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7/10
Overall verdict

The Top Gear car review:Renault Koleos

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7/10
Overall verdict
New Renault Koleos majors on passenger space and isn’t a bad drive either
 

For: 

Passenger space, standard equipment, driving refinement

Against: 

Only offered as a five-seater, no auto for smaller engine

Overview

What is it?

This is the all-new Renault Koleos, a name you might remember from when the French carmaker tried its hand at SUVs before they became truly fashionable. That one was pulled from sale in the UK back in 2010 due to slow sales (and the fact it was a bit rubbish).

It seems to be second-time lucky for the Koleos: with its smaller siblings – the Captur and Kadjar – both performing well, Renault hopes that this larger model further boost its fortunes.

One of the first hurdles that the Koleos faces is the five-seat only configuration. Most of its rivals, such as the Nissan X-Trail and Kia Sorento, offer seven seats, so Renault appears to be limiting its audience. Of course, because of its lack of seats, it has plenty of space. There’s enough rear passenger room to make Skoda look twice, and Renault is strengthening its hand by offering good levels of standard equipment, too, adding to the luxury of that space.

The styling is similar to that of the Renault Megane, unsurprisingly. The front of the Koleos features large C-shaped LED daytime running lights that define its ‘face’, while higher grade Signature Nav models get full LED headlights that look high-tech. Chrome detailing runs back along the front wing and into the front doors, while the side window surrounds and door handles get a similar chrome treatment. All this adds up to impressive presence from any angle, and it rides on 18- or 19-inch alloy wheels depending on model.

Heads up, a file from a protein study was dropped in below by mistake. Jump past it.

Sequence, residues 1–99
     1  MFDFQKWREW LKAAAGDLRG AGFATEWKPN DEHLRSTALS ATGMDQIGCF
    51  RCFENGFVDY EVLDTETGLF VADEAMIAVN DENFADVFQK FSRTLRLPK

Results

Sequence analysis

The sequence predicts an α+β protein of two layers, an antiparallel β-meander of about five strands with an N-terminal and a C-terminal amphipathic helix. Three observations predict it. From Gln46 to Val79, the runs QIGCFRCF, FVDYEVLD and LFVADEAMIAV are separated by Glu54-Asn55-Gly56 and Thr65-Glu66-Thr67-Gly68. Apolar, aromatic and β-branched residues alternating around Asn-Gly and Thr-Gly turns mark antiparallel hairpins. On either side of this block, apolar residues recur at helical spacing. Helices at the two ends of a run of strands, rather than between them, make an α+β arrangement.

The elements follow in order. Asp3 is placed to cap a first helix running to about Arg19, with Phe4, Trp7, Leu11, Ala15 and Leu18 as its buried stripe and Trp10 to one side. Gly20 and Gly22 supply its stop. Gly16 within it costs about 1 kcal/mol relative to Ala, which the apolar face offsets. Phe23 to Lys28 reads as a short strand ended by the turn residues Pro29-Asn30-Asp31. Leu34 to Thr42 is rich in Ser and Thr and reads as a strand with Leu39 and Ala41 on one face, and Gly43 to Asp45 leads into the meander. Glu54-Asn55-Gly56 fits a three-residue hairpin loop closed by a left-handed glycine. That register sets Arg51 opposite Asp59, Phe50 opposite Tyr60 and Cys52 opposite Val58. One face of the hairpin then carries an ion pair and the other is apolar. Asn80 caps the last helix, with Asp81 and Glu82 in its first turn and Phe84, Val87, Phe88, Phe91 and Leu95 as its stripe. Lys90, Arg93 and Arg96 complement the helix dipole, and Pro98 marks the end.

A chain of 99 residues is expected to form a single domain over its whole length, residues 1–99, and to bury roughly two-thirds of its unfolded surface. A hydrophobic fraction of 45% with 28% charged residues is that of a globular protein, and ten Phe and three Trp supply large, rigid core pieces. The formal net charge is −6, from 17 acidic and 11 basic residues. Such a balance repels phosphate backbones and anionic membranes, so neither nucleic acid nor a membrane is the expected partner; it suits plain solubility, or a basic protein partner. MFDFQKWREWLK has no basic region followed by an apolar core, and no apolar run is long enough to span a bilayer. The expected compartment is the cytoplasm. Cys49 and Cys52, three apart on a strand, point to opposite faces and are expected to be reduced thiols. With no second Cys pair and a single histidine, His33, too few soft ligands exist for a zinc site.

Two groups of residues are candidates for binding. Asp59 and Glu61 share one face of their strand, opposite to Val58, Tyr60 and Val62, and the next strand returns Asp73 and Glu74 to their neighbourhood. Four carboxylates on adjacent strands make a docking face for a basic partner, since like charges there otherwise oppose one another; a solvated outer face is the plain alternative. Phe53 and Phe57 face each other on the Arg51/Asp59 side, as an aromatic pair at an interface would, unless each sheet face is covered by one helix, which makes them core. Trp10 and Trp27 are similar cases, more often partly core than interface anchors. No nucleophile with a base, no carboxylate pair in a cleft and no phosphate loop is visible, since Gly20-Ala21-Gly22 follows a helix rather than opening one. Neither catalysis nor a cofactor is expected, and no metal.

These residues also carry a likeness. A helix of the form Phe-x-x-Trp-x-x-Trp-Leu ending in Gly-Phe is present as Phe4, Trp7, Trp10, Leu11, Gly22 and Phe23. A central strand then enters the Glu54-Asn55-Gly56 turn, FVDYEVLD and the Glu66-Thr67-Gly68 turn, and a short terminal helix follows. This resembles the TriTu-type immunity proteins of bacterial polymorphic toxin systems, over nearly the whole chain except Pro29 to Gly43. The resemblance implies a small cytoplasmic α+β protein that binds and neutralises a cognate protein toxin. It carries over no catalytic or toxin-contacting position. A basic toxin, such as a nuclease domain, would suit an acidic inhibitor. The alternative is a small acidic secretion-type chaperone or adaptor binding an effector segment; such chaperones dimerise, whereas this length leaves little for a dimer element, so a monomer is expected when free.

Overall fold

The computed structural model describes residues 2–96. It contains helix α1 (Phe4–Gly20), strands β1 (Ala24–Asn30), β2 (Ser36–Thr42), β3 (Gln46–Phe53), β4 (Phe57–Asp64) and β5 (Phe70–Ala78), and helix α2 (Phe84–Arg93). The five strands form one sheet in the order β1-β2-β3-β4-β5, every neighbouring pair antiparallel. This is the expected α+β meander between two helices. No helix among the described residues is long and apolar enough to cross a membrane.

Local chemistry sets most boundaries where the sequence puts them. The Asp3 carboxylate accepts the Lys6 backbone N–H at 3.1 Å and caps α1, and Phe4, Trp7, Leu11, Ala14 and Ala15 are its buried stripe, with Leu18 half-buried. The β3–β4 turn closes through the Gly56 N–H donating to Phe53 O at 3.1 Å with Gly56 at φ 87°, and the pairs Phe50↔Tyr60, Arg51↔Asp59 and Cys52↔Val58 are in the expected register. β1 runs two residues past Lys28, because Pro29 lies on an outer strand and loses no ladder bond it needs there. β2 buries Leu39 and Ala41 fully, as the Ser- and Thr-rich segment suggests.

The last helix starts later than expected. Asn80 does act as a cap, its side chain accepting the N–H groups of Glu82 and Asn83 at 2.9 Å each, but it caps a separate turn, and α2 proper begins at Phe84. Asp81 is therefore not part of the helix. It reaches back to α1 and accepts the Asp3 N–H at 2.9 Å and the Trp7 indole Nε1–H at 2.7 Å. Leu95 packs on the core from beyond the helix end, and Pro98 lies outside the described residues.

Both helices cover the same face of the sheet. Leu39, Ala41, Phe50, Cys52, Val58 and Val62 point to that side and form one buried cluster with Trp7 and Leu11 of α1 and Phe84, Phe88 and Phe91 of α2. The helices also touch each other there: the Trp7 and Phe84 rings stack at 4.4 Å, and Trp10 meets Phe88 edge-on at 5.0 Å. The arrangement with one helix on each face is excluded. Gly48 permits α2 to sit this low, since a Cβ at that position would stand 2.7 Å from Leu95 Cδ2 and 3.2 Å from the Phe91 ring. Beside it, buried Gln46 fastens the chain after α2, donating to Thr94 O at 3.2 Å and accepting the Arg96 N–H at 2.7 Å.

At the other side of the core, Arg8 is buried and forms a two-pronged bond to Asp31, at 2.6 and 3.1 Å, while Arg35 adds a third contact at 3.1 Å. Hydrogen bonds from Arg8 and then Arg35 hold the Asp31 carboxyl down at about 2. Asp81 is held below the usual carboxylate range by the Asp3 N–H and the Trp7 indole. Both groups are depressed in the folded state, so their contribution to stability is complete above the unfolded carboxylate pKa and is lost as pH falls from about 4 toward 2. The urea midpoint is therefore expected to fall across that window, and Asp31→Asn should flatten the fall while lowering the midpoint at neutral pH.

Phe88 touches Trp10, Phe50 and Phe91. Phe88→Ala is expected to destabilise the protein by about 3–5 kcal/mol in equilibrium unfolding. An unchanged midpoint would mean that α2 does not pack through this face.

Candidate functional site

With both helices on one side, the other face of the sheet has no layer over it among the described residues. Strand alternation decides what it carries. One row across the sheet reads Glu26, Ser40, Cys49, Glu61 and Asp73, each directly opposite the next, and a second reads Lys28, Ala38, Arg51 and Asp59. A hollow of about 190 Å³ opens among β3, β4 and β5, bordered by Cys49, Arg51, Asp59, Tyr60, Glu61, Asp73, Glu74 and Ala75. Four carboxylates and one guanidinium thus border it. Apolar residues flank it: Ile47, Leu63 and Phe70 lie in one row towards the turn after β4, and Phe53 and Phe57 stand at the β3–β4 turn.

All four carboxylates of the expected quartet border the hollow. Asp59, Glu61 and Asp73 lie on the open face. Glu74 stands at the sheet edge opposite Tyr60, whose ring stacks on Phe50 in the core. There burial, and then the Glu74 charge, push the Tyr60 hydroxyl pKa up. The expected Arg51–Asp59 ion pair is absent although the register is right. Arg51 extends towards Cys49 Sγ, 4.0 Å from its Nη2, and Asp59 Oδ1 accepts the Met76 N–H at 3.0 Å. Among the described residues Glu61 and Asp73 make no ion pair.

Practical features like doors that fully cover the sills (so you don’t dirty your chinos as you get in) and an optional electric rear hatch that can be opened by waving your foot underneath notch up brownie points for the Koleos. Both the front and rear doors open to generous angles, too, which parents grappling with their offspring while trying to get them into car seats in the back will be glad of.

Many will be satisfied with the performance offering of the front-wheel-drive 1.6-litre diesel. Its 128bhp should be plenty to cope with everyday life, but there is a more powerful 2.0-litre diesel available at a £2,900 premium. As well as more power (174bhp) this gets all-wheel drive, plus the option to replace the standard six-speed manual gearbox with a seven-speed automatic.

Continue: Driving

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